Council looks at integrated business licenses

Cranbrook/Kimberley working on bylaws to allow businesses to operate in both cities with only one business license.

Cranbrook and Kimberley are partnering up to issue inter-community business licenses (ICBL) that will allow local businesses to be compliant and operate in both cities.

Cranbrook brought up the issue on Monday’s regular council meeting, while Kimberley is planning to mirror a similar bylaw at an upcoming council meeting.

The move is aimed towards trades, contractors and other mobile businesses that operate outside of a home community, according to Cranbrook mayor Lee Pratt.

“The big reason for it, is there’s a lot of businesses that do business in Kimberley,” said Pratt, “and they don’t have a business licence and they feel like they’re sneaking around and not compliant and vice versa with the Kimberley guys coming to Cranbrook.

“So we just felt the two communities working together that it’d be much simpler if we had that in place where if you have a business license in Kimberley and you’re doing business in Cranbrook, you can apply for an inter-community [license] at a reduced rate.

“Basically it gives them more of a comfort feeling that they’re compliant with what they should be doing.”

Currently, there are 66 local businesses that hold business licenses in both Cranbrook and Kimberley. The ICBL would be an additional $75 fee on top of a regular business license fee.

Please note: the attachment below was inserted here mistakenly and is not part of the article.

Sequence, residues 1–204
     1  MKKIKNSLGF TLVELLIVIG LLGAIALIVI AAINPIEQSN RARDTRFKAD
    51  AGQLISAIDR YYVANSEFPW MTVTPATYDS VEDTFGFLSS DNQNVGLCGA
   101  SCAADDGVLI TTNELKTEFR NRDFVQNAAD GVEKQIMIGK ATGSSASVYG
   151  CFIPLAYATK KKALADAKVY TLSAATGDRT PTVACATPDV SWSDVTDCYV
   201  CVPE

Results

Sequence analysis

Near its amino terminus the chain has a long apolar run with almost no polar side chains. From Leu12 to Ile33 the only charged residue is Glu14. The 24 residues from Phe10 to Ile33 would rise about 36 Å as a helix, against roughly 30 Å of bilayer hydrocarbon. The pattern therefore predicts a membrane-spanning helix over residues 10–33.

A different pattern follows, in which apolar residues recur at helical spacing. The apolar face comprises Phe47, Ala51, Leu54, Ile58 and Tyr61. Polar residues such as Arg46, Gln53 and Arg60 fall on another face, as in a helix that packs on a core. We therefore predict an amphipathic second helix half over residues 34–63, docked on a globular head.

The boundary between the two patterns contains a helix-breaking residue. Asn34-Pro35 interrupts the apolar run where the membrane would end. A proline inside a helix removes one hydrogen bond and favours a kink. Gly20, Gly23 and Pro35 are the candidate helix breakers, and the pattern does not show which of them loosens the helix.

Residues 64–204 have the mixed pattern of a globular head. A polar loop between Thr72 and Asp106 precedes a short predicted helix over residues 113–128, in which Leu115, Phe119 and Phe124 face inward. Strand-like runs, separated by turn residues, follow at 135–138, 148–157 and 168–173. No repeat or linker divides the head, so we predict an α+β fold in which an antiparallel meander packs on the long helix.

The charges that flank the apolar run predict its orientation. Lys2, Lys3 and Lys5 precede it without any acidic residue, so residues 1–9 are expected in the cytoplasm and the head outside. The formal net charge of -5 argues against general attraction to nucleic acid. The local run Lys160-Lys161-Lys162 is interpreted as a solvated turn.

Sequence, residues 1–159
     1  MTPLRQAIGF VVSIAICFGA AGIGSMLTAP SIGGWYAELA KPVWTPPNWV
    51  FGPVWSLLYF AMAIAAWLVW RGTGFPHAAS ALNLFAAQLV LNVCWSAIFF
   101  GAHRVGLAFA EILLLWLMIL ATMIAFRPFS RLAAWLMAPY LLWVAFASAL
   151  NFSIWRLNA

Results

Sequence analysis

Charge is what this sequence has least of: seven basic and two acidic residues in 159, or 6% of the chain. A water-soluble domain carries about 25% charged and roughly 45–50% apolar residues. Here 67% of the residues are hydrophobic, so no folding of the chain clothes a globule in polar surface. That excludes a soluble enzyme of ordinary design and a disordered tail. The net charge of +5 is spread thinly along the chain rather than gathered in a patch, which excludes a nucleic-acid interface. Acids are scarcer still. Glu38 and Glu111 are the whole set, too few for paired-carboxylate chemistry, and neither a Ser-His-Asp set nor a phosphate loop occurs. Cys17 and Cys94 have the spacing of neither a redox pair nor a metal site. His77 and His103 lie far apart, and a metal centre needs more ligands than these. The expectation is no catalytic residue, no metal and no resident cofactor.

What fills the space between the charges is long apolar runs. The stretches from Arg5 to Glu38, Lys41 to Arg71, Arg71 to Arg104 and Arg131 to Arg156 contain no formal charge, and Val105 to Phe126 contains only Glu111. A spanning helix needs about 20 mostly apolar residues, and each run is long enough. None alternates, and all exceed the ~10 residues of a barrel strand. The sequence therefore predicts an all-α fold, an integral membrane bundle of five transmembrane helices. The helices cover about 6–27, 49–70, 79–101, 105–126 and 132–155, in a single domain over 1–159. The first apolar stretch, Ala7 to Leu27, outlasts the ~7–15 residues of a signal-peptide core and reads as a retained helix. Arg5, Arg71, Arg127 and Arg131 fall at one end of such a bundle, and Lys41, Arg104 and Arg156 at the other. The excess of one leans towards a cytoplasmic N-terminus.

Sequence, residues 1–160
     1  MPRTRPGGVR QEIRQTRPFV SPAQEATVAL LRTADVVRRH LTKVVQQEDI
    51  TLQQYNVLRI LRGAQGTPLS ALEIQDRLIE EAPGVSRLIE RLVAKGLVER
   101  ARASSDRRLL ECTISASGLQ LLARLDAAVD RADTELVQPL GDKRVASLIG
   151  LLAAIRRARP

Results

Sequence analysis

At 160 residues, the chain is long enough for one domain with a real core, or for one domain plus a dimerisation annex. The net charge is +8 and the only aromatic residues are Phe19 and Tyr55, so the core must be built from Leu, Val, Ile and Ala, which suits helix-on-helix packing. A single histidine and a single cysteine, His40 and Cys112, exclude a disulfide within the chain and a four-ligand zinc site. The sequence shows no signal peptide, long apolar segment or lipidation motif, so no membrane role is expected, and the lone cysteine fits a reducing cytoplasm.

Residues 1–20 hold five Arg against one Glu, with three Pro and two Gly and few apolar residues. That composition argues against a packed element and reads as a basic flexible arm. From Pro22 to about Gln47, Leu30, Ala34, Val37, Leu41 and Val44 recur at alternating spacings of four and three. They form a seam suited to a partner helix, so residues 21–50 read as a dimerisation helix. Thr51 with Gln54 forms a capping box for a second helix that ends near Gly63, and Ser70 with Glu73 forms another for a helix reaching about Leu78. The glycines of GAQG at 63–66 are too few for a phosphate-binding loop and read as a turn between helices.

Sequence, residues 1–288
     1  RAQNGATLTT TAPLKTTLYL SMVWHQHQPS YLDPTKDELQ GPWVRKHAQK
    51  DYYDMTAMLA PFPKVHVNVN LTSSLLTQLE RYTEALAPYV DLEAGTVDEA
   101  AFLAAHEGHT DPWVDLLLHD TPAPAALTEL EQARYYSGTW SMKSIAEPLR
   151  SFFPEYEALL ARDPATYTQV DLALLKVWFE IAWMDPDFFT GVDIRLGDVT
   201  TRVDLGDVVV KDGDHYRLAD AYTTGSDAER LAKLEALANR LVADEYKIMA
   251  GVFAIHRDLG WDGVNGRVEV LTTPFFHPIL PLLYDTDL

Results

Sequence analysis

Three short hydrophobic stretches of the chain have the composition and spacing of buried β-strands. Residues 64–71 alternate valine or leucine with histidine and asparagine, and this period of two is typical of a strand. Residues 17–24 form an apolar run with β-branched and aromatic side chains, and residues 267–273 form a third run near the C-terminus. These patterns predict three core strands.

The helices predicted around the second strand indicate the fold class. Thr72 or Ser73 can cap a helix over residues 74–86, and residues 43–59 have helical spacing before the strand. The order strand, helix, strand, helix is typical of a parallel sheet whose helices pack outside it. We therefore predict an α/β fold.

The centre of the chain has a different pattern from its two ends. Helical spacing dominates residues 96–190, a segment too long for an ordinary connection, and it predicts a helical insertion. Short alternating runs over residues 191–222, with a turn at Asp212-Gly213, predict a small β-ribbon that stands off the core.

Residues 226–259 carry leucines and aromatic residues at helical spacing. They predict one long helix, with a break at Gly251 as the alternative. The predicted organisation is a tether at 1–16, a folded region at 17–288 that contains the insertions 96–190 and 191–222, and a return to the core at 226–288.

It is not an unfamiliar concept, as there is an existing ICBL partnership in the West Kootenay between Trail, Rossland, Warfield, Fruitvale and Montrose. Across B.C., there are 11 ICBL partnerships with 81 participating local governments.

Cranbrook will still be able to dictate what products and services businesses can and can’t offer within the city, even if they are based in Kimberley, according to Pratt, who used medical marijuana facilities as an example.

“That’s our stance as the City of Cranbrook; they’re illegal, we’re not going to license them,” Pratt said. “Kimberley chose to go the other way, that’s their perogative, but we’re not.”

According to a staff report, the province has heard from the 11 participating communities with an ICBL partnership that licensing compliance is up, while administrative costs and processing have been reduced.

The Cranbrook and Kimberley chambers of commerce have endorsed the ICBL, while the city adds that another municipality is interested in joining the ICBL partnership.

The matter will come back before council on Oct. 24, 2016.